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Sector Insights

Look out… – Ian Chappell’s Article in Property Briefing

18.12.2015 Commercial property, Real estate

Ian Chappell

Ian Chappell Partner, Deputy Head of Real Estate

This article was first published in Haysmacintyre's Autumn 2015 Property Briefing

When objects fall off buildings causing damage or injury, the liability faced by the property owner (and its insurer) can potentially be significant. There are, of course, many reasons why masonry or cladding, bits of steel or glazing might fall from a building and usually expert investigation will be able to show why it happened. The courts then decide (with the assistance of the parties’ lawyers) who is liable for the loss and damage by establishing whether a contractual and/or other duty of care was owed, who owed it and whether there was a failure in that duty.

Consider for example the tiles of a roof on a new-build house which fall off and cause extensive damage to a neighbour’s property. Who should be liable to pay damages to the neighbour in those circumstances? The owner of the house from which the roof tiles fell? The house builder? The house builder’s roofing sub-contractor? The manufacturer of the tile?

Was it a maintenance issue (unlikely if a new build)? Did the builder or roofing contractor negligently install the roof? Was there a latent defect in the manufacturing process of the tiles? Did the property owner carry out his own work which either contributed to, or was the sole cause of, the failure of the roof tiles?

It is impossible in the space afforded by this article to cover all the different bases upon which claims might be made in the circumstances described above, not least because, as with so many things involving the law, the answer very much depends on the individual facts of the case.

Some examples of possible claims are as follows.

The adjoining owner who has suffered the damage may make a claim in tort against the owner of the house from where the roof tiles fell. Such claims will be founded in tort of nuisance and/or trespass.
Claims for damages for nuisance have to be reasonably foreseeable. If they are not, the court will not allow them. A claim might be made under trespass, as the tile would have unlawfully entered the neighbouring land. Damages for trespass are compensatory. A Claimant is usually only entitled to recover money in respect of the loss which has been suffered.

The Claimant might also consider a claim against the home owner in negligence if it can be shown that the home owner did something, or allowed something, to happen on his land which was negligent and which caused the roof tiles to fail. Claims in negligence might also be made against the house-builder (if it built the roof itself) or the house-builder’s subcontractor (if the sub-contractor built the roof).

What is the position, however, if the cause is not obvious or ascertainable?

In some instances, the mere occurrence of an accident can indicate negligence without the need for any concrete evidence of negligence itself. This principle is known as resipsa loquitur, meaning “the thing speaks for itself”. This doctrine dates back to 1863 and the case of Byrne v Boadle in which Byrne was unfortunately hit by a flour barrel which fell from a building owned by Boadle and sustained significant injuries. In the legal proceedings that followed, Byrne did not present any specific evidence of negligence of the property owner. The court decided in Byrne’s favour holding that a presumption of negligence can arise from an accident and that a Claimant need not present direct evidence of negligence when the mere manner and facts of the accident show that it could not have happened without negligence on the Defendant’s part. The court ruled that there was, in this instance, a rebuttable presumption that Boadle was negligent and he had the burden of proving that he was not.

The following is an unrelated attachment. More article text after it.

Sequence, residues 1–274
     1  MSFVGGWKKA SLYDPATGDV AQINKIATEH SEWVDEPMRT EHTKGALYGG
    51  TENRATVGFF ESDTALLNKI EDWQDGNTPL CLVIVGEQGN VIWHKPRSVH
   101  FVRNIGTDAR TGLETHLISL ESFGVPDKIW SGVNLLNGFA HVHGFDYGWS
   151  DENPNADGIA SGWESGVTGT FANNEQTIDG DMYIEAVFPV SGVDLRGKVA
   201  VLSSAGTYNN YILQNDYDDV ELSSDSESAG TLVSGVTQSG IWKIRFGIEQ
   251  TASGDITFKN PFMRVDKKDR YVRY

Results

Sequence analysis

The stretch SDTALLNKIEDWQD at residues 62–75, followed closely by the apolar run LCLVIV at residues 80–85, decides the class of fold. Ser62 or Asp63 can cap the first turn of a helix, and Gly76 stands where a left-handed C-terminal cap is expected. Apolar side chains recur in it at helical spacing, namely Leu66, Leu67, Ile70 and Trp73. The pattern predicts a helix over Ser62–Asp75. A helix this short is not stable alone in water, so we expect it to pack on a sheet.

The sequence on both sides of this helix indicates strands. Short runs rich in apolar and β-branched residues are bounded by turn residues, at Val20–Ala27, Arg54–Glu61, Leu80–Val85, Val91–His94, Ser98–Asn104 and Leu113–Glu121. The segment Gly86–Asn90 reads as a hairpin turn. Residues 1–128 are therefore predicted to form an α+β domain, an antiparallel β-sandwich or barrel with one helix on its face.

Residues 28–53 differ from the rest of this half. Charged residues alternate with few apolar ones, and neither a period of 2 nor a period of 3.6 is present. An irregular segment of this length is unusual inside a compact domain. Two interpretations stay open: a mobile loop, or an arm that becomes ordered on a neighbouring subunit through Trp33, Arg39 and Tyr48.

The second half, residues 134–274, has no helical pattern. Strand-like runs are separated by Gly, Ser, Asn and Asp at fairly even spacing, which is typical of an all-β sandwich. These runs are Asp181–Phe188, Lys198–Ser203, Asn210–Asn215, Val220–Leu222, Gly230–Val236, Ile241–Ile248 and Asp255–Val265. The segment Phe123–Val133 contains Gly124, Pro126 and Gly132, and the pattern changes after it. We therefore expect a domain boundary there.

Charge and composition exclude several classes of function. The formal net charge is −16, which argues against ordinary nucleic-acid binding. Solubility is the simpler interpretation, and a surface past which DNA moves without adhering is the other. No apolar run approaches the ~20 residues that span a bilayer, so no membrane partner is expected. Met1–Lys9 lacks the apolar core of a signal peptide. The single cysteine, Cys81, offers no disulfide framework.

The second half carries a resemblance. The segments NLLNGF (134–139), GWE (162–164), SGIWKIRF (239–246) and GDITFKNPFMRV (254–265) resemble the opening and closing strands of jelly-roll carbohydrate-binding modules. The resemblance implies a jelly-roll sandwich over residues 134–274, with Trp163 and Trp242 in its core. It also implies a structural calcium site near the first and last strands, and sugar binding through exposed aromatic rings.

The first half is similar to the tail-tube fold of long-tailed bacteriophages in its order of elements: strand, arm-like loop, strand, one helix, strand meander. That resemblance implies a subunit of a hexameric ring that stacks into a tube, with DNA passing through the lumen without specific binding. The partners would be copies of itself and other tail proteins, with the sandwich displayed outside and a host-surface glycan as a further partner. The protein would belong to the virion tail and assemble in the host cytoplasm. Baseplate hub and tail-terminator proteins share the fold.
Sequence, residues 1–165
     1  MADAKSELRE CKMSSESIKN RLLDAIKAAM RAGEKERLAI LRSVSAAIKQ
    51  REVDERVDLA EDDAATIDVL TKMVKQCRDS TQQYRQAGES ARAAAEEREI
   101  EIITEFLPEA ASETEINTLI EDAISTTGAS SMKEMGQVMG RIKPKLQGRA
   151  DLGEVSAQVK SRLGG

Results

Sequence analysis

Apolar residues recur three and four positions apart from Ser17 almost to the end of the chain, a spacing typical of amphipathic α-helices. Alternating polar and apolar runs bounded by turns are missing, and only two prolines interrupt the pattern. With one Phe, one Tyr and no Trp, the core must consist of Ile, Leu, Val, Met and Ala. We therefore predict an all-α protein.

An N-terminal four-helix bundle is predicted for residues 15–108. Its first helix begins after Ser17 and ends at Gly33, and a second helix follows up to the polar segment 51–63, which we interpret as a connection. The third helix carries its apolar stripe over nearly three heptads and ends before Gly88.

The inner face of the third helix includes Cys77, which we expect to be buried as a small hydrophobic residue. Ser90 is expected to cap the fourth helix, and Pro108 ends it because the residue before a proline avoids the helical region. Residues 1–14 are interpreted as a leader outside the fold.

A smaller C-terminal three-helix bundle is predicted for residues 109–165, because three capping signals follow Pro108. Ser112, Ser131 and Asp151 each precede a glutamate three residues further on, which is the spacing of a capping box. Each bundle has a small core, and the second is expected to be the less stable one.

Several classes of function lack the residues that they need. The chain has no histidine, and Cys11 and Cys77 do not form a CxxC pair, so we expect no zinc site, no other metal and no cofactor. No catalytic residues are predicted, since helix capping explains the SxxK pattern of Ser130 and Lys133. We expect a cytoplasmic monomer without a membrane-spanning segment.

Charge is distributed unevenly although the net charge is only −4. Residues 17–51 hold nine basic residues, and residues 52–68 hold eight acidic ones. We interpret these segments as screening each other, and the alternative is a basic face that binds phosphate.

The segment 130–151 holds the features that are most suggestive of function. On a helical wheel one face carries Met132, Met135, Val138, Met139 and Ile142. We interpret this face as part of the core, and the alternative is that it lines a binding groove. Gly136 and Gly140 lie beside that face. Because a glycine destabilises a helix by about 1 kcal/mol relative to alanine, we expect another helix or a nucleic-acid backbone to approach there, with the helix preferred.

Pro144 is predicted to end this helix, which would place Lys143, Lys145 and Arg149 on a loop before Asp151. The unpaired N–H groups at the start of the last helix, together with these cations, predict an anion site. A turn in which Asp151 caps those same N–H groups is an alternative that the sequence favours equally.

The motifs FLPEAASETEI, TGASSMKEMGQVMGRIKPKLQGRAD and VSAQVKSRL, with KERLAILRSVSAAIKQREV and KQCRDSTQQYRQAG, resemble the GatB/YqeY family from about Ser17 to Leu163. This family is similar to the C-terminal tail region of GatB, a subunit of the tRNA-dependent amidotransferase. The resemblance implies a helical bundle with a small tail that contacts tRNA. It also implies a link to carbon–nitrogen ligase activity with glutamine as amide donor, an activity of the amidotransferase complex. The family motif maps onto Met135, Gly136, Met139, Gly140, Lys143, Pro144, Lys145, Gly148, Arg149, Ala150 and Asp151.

It follows that the doctrine of res ipsa loquitur cannot be relied upon when there is direct evidence of the cause of the injury and facts and circumstances surrounding it.

Claims under the Occupiers Liability Act 1957 and Defective Premises Act 1972 may provide certain claimants with possible avenues of claim for property damage and loss but not in my example above. The Occupiers Liability Act only applies to damage or injuries sustained by those invited (or in certain cases merely present) on the property from where the roof tile fell. The duty of care afforded under the Defective Premises Act is not to adjoining owners but to the person who commissioned the building and to every person who acquires an interest (whether legal or equitable) in the dwelling. The Claimant must then show that the inadequate work or inadequate materials (or both) have led to a defect (or defects) that means the dwelling is not fit for habitation.

Claims in this area are therefore often very fact specific with more than one basis of claim. Although it may be difficult to imagine a situation where a property owner in my example would not be held liable, it is very difficult to say “why” they might be liable without ascertaining all the facts of the case. Legal advice is generally essential to establish what rights exist and who owes them to whom.

This article was first published in Haysmacintyre’s Autumn 2015 Property Briefing

Article authors:

Ian Chappell